How many books in a library?

November 28th’s New York Times had an article that I’m sure fascinated many readers: A Slippery Number: How Many Books Can Fit in the New York Public Library? I’m even more sure that it was of interest to the various conspiracy theorists who are convinced that the New York Public Library is throwing away millions of books unbeknownst to unsuspecting readers who are counting on the books being immediately present in the main library building on 5th Avenue in New York.

Some years ago the NYPL was forced by public opinion (in conjunction with the conspiracy theorists) to back away from a plan to turn old fashioned bookstack areas in the building into useful public amenities. The stacks, deemed by the library’s professional administration to be unfit for modern library storage, with inadequate environmental controls for valuable collections. The plan was to move the books (several million of them) to a more remote location, providing transfer of needed volumes back to the Manhattan location several times a day, at a space of several hours from when the book was requested. Hundreds of libraries in the United States (and worldwide) do this.

The latest twist in this unending saga at NYPL is several the library’s use of variations on the number of books at the 5th Avenue building, varying as much as several million items. NYPL’s explanation is quite straightforward: until recently they didn’t have a modern inventory or library system in which all the items were entered. Previous numbers were based on various estimates. The conspiracy theorists are now at full throttle saying that the library got rid of millions of volumes.

I’m in sympathy with the NYPL. In very large research libraries (and NYPL is among the largest) down to small libraries and the small-ish research library where I am employed, we all have the same problem. I call it the Magic of Libraries.  Others might call it serendipity. Things turn up that you didn’t know you had, uncataloged. Things that are cataloged disappear under unknown circumstances. Sometimes there are entire collections of items that come your way (or, generally, came your way at some previous era, left for someone later to figure out.) Libraries are aeomeba-like, expanding and contracting with minds of their own. But it is because of these factors that a hitherto unknown manuscript by Bach or Mozart turns up in a completely inappropriate spot in a library or archive, centuries after its composition. And no one can explain how it might have gotten there.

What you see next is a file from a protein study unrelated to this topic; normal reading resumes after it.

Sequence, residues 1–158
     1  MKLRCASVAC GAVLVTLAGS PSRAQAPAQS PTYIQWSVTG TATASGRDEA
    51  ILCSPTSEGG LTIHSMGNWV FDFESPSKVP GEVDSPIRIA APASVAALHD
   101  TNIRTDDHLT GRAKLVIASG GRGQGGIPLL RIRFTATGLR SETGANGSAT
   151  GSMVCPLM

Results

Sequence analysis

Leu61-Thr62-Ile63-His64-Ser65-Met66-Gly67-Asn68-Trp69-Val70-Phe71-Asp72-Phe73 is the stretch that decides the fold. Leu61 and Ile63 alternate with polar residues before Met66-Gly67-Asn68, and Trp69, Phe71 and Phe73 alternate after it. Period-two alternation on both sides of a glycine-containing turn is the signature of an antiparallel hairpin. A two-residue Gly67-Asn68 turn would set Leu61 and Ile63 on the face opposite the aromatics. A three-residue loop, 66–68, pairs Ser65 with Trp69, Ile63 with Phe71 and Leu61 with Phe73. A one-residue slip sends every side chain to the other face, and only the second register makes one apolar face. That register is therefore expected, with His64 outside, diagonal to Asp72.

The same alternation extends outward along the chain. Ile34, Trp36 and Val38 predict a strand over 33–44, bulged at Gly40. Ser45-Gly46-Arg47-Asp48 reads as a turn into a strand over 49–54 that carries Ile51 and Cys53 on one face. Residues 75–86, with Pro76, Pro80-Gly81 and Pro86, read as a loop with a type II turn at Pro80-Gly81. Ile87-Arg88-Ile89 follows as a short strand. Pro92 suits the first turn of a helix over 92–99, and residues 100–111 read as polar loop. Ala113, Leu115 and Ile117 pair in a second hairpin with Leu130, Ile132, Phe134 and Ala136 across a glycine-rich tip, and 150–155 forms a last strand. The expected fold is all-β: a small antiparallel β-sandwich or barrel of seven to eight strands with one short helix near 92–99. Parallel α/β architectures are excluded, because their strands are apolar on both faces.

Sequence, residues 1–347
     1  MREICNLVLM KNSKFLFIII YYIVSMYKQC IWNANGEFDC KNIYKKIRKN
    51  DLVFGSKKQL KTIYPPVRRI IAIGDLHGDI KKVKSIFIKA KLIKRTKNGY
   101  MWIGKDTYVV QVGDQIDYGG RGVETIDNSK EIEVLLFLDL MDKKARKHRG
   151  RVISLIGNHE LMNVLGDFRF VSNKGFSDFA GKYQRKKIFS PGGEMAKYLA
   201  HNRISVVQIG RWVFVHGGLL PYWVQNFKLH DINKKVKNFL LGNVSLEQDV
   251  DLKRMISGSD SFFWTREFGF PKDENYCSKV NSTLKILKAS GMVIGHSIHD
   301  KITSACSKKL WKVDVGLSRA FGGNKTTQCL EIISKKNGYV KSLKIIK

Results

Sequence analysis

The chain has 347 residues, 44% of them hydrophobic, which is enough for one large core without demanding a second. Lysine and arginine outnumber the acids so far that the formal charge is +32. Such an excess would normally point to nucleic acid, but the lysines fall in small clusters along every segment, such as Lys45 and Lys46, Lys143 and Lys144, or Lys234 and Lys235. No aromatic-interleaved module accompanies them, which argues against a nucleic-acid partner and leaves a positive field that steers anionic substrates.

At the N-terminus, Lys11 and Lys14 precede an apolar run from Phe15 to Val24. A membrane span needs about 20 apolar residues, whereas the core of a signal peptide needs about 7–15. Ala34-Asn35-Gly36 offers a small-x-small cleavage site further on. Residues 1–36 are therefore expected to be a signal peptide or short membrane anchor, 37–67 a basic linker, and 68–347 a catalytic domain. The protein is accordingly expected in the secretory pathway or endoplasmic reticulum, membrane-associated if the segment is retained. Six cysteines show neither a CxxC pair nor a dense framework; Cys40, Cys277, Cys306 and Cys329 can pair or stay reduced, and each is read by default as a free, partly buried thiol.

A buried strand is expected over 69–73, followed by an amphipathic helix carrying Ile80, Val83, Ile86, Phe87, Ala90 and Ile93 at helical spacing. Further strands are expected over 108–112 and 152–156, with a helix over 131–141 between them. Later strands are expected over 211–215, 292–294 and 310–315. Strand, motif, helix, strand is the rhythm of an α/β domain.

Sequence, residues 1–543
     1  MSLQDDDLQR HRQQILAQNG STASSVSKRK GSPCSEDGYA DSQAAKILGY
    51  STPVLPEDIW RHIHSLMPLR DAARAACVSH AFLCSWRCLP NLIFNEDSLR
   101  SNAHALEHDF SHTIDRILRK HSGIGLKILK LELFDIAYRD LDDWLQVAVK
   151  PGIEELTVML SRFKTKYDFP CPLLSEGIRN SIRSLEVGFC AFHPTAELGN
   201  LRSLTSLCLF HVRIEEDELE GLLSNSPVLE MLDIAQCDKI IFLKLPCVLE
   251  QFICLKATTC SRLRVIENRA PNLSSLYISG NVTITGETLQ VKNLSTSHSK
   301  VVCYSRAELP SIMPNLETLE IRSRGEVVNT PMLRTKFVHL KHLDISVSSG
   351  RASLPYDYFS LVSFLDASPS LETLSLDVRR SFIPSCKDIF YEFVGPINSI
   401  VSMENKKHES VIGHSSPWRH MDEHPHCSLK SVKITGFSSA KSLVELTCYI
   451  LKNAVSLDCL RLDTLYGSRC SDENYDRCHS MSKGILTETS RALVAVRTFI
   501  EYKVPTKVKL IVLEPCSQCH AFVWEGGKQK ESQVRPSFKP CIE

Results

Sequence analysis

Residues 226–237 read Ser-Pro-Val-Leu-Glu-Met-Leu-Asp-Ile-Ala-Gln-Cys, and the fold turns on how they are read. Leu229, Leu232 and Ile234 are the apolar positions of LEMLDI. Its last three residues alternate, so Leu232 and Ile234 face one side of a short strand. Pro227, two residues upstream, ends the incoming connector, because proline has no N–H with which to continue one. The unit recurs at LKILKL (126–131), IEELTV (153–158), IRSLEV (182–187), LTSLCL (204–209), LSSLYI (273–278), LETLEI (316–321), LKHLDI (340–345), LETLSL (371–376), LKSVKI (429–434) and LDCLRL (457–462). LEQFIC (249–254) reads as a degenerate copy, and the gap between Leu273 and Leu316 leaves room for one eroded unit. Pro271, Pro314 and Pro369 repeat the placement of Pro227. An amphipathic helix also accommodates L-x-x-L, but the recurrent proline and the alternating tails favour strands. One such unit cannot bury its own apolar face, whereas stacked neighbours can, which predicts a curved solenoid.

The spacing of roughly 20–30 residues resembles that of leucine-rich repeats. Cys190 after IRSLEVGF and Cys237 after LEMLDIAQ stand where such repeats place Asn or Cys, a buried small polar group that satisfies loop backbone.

Another issue is that library collection size is often calculated by means of formulas based on the size of shelves (standard 3-feet wide), number of shelves, and the type of materials shelved on those shelves. Needless to say, there are fewer volumes of British Parliamentary Papers on a three-foot shelf than, say, items of 2 page Department of Agriculture pamphlets. Inventories are incredibly expensive, labor intensive and time consuming. In a large library, by the time an inventory is finished, it might be anyone’s guess how many things have gone astray in the meantime.

Of course, no amount of factual explanation will satisfy the conspiracy-minded. They demand numbers. Facts. Immutable facts. Sorry, in libraries, that is a pipe dream, even with the most sophisticated inventory system.


In memoriam Carl B. Staplin

Carl Staplin
Carl Staplin